John-Paul Flintoff




Portraits of the artist in a ________?


For no particular reason, perhaps because I was bored, I found myself copying a picture by Sickert on Saturday – and drew myself into it:


I posted the drawing on Instagram. Then the idea popped into my head (who knows how that ever happens?) that I might do another, but using an image by a different artist.

I googled Picasso, and the first picture my eye was drawn to was Guernica. I drew myself and my schnauzer Peanut, then posted that one too:


I was enjoying this, and know just about enough about artistic practice to follow what I’m most drawn to.

Next up was a Millais painting I’ve always loved. This time, instead of replacing one of the figures in the original, I just added my self-portrait standing in the middle:


I seemed to be stuck in the late 1800s / early 1900s. Wanting to shake things up a little, I looked for something earlier. Somehow (dunno how) I found the Velasquez portrait of Pope Innocent X that Francis Bacon famously reinterpreted before me:


For my next self-portrait, I settled on another favourite artist from you-know-when, Toulouse Lautrec:


And last night I “did” Modigliani, whose portraits have always struck me as beautiful and full of grace. I reckoned this would be a big challenge, because a) his portraits are generally of attractive young women, often b) naked, and c) usually located in spare – which is to say, anonymous – settings.

To be honest, I didn’t think I’d pull it off. I wasn’t going to draw myself naked: it wouldn’t be beautiful and graceful, just weird. And the lack of recognisable setting troubled me. All I could use, to conjure Modigliani, was his colour palette and the typically elongated head and neck.

I was in two minds about posting this one on Instagram, because whatever its merits it’s not recognisably a copy of a particular, well-known Modigliani painting.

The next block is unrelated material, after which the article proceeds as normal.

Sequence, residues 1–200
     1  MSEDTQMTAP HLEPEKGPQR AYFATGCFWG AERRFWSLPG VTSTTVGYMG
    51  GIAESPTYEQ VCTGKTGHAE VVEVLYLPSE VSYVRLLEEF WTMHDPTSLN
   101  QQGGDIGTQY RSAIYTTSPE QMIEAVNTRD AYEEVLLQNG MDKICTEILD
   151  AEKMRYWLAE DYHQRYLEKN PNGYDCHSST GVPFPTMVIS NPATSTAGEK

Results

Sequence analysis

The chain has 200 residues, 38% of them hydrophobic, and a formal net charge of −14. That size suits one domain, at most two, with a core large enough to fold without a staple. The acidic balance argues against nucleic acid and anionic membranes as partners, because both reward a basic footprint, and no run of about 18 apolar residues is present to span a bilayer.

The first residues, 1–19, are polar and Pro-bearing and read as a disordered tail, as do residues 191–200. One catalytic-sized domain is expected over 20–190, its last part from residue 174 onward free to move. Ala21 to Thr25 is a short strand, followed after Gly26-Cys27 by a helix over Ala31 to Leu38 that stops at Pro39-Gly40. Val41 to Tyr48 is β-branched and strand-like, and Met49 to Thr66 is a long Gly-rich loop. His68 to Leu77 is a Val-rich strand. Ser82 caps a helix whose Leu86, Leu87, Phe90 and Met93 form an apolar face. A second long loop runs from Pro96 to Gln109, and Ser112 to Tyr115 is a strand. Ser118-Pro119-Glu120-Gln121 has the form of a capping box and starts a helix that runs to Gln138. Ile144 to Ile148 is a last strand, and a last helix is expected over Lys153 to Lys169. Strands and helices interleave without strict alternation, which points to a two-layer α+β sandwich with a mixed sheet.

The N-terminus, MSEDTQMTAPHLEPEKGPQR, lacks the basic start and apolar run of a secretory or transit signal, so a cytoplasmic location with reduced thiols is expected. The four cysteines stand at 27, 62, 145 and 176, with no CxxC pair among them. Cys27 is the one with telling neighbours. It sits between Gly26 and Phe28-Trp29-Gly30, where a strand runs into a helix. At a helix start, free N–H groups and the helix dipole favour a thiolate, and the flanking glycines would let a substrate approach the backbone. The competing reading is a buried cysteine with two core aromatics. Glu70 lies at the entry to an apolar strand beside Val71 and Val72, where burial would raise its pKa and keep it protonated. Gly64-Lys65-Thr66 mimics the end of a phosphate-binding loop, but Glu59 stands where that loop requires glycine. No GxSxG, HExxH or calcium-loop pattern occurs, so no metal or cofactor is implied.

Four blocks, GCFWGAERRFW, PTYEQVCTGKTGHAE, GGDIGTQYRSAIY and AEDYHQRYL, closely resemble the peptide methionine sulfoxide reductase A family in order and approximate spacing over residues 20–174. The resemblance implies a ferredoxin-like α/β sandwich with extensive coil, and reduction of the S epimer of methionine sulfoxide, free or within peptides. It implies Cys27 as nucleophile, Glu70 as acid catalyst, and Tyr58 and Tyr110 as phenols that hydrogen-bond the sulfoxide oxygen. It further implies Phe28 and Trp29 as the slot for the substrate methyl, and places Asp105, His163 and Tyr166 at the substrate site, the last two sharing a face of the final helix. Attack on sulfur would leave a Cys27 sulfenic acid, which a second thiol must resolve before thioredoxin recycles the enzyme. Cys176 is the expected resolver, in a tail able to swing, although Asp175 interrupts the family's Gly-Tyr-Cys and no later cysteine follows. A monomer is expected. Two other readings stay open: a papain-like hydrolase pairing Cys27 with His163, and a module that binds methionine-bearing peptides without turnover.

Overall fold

But I posted it anyway, and it drew a very interesting comment, which I’ve cut and pasted (along with replies) below this picture:

roberttwigger
Oddly enough it is different to modigliani and seems like your style. You are long and thin anyway. I really like this picture as it is pleasing as well as descriptive. Why not try doing a few portraits like this. Beatles and oasis.

jpflintoff
@roberttwigger thank you. Quite right. It’s not sufficiently anchored in the peripheral detail to conjure Modigliani. And I am as you describe! I like it too though, so I posted it anyway…

roberttwigger
@jpflintoff the colours are. But I think your version is actually better than a straight parody. That was my point. By trying to do his style you liberated something that works for you.

jpflintoff
@roberttwigger ah, I see. Yes I think you are right – and I think that has been an effect of each of the drawings in this series. It’s either liberated or internalised something – or both

roberttwigger
@jpflintoff they do say it is the way to learn…copy, copy, copy…then fly!


Posted: March 10, 2021

Keywords: drawing, self-portrait, robert twigger, art series




John-Paul Flintoff headshot, with Yours Truly written across it John-Paul Flintoff is author of six books, in 16 languages, including How To Change The World and A Modest Book About How To Make An Adequate Speech. He worked for 15 years as writer and associate editor on the Financial Times, the Sunday Times and other papers and magazines.


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